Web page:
“The train has left the station for digital transformation, but there’s a massive opportunity to try to replicate all those communications that we used to have when we did business in-person, all those tells that we would get verbally and non-verbally on whether or not someone was trustworthy,” Neuro-ID CEO Jack Alton told Insider.

Founded in 2014, the startup’s pitch is twofold: Neuro-ID can save companies money by identifying fraud early, and help increase user conversion by making the onboarding process more seamless.

In December Neuro-ID closed a $7 million Series A, co-led by Fin VC and TTV Capital, with participation from Canapi Ventures. With 30 employees, Neuro-ID is using the fresh funding to grow its team and create additional tools to be more self-serving for customers.

Here’s the 11-slide pitch deck a startup that analyzes consumers’ digital behavior to fight fraud used to raise a $7 million Series A


AI-powered tools to spot phony online reviews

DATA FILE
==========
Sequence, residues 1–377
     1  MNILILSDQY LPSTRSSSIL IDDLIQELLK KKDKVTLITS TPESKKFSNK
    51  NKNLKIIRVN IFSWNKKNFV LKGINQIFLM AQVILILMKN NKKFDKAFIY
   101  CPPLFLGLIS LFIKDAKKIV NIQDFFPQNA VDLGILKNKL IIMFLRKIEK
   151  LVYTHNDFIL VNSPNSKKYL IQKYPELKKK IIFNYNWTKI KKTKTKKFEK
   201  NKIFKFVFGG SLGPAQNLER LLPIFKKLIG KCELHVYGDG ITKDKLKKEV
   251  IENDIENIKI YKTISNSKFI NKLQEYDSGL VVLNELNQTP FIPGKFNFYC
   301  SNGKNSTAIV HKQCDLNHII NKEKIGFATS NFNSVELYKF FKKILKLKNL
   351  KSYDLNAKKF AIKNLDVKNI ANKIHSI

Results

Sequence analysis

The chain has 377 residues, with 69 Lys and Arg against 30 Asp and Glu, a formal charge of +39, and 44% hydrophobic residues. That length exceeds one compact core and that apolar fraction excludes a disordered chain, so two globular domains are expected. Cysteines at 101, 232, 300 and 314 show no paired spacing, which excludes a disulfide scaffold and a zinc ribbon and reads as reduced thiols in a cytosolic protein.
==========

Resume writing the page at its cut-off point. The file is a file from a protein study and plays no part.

Fakespot CEO
Saoud Khalifah, founder and CEO of Fakespot.

Marketplaces like Amazon and eBay host millions of third-party sellers, and their algorithms will often boost items in search based on consumer sentiment, which is largely based on reviews. But many third-party sellers use fake reviews often bought from click farms to boost their items, some of which are counterfeit or misrepresented to consumers.

That’s where Fakespot comes in. With its Chrome extension, it warns users of sellers using potentially fake reviews to boost sales and can identify fraudulent sellers. Fakespot is currently compatible with Amazon, BestBuy, eBay, Sephora, Steam, and Walmart.